Sunday, June 4, 2017

Rarest of the Rare: A Neo Grec Parlor Set

Classic Neo Grec Design
Sometimes you come across stuff that you know is special and sometimes you do not know how special. Such is the case with our most recent acquisition a Neo Grec Parlor Set.

Great bronze mount sets this apart from most Victorian settees
We found this because we search for sale websites by common terms like Victorian Sofa or Vintage Sofa and we found this categorized for sale as a 1900 era item and not the 1860's/early 1870's item it is. Antique hunting TIP: Do not do specialized searches like "Neo Grec Parlor Set" because the average person has no clue what that is. Look for Victorian settee.

The Chair follows the same design
So the obvious question is " Who made it?"  and one might expect to see this for sale with an "Attribution" of Herter Bros or Pottier & Stymus and frankly that was our first guess but our desire to know brought us in a different direction and a Firm with equal quality built more limited production so here we have a Jacob Ziegler & Co Neo Grec Parlor Suite and only the second one I have been able to find. Rarest of the Rare.

Gilding inlay and Ebonizing shows a masterful designer
In our research we find several interesting things about this little known firm. . Ziegler & Co were established in 1849, and remained in business until 1878. The firm offered "a large stock of plain and artistically rich furniture, all of their own manufacture..." and were also decorators. “J. Ziegler & Co./Manufacturers of Furniture and Decoration/ Rich & Plain Furniture/Curtains & Draperies/Hardwood Doors, Trimmings, Mantels,/Pier and Mantle glasses/Cornices, ETC. Warerooms 32 Bleecker Street, East of Broadway, Factory 311 Mott Street.
Ziegler used the same wheel mounts as Herter and Pottier & Stymus
It is notable that from 1865 to 1870, William Baumgarten was employed by Ziegler "(assisting) in making the designs and in the general management of the business." Baumgarten left the J. Ziegler and Co to become Christian Herter's assistant at, and eventually the head of Herter Brothers. This may well explain the similarity to Herter produced furniture. As you may know Herter Brothers has set auction records as far as Victorian Furniture goes.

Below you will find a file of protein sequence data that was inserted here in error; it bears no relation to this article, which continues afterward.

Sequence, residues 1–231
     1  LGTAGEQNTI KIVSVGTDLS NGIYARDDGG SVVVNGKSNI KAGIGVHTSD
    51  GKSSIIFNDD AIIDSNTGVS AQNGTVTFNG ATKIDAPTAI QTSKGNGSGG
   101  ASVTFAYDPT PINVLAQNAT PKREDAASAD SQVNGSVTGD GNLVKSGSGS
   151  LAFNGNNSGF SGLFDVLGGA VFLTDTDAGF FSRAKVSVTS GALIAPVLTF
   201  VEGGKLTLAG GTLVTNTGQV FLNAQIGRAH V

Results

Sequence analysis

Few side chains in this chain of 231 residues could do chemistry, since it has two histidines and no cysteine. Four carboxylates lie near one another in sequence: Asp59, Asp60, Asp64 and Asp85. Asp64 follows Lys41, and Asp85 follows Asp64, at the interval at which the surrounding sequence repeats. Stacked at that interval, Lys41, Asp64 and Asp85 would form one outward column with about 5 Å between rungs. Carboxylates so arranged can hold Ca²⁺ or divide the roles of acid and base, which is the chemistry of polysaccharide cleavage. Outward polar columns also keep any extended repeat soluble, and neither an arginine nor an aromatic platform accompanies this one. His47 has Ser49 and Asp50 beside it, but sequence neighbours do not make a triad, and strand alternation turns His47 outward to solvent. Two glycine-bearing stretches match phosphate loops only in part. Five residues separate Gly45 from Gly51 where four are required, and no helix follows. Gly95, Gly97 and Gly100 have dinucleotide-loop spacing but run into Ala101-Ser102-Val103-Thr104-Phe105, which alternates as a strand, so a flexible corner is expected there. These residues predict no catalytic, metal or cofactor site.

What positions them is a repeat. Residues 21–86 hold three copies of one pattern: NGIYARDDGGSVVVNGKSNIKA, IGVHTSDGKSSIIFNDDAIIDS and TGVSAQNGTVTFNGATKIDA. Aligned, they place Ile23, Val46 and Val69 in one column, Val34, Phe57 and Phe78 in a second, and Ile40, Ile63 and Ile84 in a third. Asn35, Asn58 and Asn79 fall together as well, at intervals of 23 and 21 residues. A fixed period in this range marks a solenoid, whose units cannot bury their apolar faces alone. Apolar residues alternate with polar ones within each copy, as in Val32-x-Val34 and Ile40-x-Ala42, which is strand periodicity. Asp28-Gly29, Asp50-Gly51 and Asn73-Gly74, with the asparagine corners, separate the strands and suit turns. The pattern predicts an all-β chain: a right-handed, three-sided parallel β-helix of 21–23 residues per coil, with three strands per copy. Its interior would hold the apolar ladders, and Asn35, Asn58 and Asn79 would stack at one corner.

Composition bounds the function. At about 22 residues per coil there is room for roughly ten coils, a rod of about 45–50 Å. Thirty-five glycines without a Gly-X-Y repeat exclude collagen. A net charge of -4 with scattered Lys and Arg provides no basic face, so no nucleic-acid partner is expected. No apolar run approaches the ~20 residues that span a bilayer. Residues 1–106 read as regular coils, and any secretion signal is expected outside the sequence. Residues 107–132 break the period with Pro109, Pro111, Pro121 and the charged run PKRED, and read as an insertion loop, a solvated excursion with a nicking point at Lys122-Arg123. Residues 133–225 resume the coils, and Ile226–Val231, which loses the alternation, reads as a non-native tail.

The scale of this set can really only be appreciated in person
Jacob Zieger  was born March 8, 1825, in Gieslingen, W├╝rttemburg, Germany and died on March 20, 1897 in New York City. He was the brother-in-law of William Steinway. Jacob Ziegler was a successful cabinet maker and suitable match for William's sister Doretta. While active in some Steinway & Sons business dealings at William's request, Jacob Ziegler also continued to run his furniture and interior decorating business and his dealings in real estate.

Steinway and Zieger
He married Doretta Steinway on March 18, 1851, according to a date given in the diary. The marriage produced four children; Anna Louisa, Charles Jacob Theodore, Julia , and Henry Ludwig. Several of the children were involved in the Steinway & Sons business. Charles managed Steinway's business in London until his death in January of 1893. Henry Ludwig, who had begun working in his father's cabinet-making business, caught the attention of Theodore Steinway, who trained him in piano design. Henry became Theodore's successor in the Steinway & Sons piano business, continuing to apply innovations to Steinway instruments until his death in 1930.

The Steinway Mansion: could this piece have been there?
We also know Jacob Ziegler was involved in several projects. In 1862 William Steinway bargained with Ziegler to purchase parlor furniture for William’s new household after his marriage to Regina. (perhaps this set is from that parlor?)  In 1875 Ziegler had an agreement with a New York City developer Van Vankenburgh to build interior woodwork for seven houses “uptown” (near 66th St. and Madison Avenue). Jacob Ziegler maintained his own business, but was also an active participant in some of the Steinway family business affairs.  In 1862, William used Ziegler to help negotiate the purchase of additional property on 14th street, adjoining the property that he had just closed on with a third party.  This would be where Steinway Hall would be built

The only other known sofa. This one is button tufted
So in collector terms we have the rarest of the rare with only one other settee ever surfacing back in 2009 (above). Will more be found? Perhaps, but given the limited production of this company its doubtful many were built and in terms of true rarity this is far rarer than most Herter or Pottier pieces
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